There are numerous examples to demonstrate this. The foul water from vacuum toilets and urinals is collected under vacuum and transported for biological treatment. During treatment biogas is produced having a large methane content together with other biodegradable residues. The biogas can be refined and used as an energy source whilst the biodegradable residues can be mixed with other green waste to produce compost. This can be used as a soil conditioner in either horticulture or agriculture closing the recycling loop.

Loops can be closed including the solid waste streams and eventually create an integrated energy concept.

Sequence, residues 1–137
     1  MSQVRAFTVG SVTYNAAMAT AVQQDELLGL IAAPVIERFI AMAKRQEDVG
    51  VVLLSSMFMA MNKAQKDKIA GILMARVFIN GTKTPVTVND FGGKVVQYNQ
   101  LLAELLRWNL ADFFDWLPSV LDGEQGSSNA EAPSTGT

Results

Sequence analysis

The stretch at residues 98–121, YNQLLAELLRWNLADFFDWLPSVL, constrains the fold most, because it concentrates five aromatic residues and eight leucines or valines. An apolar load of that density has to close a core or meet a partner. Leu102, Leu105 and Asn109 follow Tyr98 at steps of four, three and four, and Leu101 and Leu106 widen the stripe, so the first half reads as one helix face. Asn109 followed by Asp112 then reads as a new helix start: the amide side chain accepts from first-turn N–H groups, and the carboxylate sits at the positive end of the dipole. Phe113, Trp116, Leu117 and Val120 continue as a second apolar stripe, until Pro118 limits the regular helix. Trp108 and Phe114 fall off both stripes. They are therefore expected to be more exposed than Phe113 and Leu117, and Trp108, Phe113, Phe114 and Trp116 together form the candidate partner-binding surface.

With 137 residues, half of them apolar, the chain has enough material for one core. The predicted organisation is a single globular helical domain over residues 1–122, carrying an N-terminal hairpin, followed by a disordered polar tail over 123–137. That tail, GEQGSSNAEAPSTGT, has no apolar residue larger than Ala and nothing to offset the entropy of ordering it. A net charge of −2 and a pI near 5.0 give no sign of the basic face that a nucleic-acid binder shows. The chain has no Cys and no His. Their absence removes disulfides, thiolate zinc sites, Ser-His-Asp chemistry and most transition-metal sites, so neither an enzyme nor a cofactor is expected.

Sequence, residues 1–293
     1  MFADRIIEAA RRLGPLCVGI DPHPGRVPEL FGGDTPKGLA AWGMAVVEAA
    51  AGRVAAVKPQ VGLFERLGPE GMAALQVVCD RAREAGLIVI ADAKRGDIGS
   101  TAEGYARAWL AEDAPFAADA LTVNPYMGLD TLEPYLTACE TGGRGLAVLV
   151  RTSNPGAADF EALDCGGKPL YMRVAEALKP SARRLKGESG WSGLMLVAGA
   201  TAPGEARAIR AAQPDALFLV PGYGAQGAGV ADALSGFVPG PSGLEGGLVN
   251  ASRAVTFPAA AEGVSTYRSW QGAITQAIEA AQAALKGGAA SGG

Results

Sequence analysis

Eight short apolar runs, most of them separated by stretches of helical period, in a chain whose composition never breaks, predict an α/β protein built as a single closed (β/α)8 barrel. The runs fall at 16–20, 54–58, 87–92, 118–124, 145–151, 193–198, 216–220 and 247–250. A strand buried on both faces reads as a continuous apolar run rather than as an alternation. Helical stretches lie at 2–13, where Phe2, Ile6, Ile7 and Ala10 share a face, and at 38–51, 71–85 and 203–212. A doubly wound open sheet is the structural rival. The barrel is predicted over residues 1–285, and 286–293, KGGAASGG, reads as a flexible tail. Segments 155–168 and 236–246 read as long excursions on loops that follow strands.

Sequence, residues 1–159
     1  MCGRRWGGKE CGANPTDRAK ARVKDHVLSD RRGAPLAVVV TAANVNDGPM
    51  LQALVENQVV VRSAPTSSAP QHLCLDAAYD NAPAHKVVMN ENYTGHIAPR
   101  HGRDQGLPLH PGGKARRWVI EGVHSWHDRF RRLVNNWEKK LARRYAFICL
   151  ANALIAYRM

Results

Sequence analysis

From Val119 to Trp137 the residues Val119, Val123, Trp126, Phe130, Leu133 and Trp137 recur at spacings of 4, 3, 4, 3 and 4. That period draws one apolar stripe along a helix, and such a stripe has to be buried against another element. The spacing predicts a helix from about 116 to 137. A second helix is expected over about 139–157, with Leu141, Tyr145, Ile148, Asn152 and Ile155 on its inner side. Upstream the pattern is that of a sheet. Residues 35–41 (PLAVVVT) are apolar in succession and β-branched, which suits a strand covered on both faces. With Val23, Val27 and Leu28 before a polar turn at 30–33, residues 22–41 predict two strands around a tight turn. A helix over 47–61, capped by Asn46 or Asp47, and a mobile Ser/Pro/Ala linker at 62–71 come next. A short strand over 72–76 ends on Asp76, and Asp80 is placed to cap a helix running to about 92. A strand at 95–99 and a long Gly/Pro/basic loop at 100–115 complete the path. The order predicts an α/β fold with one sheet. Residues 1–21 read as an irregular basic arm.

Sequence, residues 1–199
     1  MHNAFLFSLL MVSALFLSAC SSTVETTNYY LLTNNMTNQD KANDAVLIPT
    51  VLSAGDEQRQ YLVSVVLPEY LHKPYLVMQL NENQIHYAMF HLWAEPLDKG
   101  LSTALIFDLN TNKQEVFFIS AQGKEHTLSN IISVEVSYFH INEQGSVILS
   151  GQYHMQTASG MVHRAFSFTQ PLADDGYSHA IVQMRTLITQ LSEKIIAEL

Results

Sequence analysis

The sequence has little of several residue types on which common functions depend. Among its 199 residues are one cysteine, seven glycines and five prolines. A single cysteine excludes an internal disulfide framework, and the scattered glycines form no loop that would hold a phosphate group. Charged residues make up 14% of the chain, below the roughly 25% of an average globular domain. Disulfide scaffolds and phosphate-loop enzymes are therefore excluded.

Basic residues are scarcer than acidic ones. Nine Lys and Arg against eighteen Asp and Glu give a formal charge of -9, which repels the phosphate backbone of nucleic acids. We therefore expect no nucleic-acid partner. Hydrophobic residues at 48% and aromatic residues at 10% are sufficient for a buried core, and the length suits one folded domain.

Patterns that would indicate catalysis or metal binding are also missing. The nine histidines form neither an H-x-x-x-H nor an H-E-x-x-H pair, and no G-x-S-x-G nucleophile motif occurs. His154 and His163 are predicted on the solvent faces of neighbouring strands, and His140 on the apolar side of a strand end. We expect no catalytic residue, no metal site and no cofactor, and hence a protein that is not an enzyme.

Additionally, the black water can also be collected separately for urine and faeces. The reuse of urine has priority. After urine is gathered undiluted and stored for some months, it can be used as a fertilizer in agriculture. Alternatively certain ingredients (phosphates, nitrates etc.) can be isolated for a further use in the chemical industry.


1 ROEVAC® Vacuum Sewer Systems. [Online]. Available:[2006, January 19]
2 Behnke, S.M. (2003) Vacuum Sewerage – A Modern System Aiding To Reduce The Costs of Communal Wastewater Collection. Roediger Vakuum- und Haustechnik GmbH, [email:]
3 Wong, Y.Y.L. The Sewerless Concept-Sewerage System for the Future and its Suitability in Malaysia. Sistem Vakuum Sdn. Bhd. [email:]
4 Japanese Advanced Environment Equipment.[Online]. Available: [2006, January 19]
5 ROEVAC® Vacuum Sanitation Systems. [Online]. Available: [2006, January 24]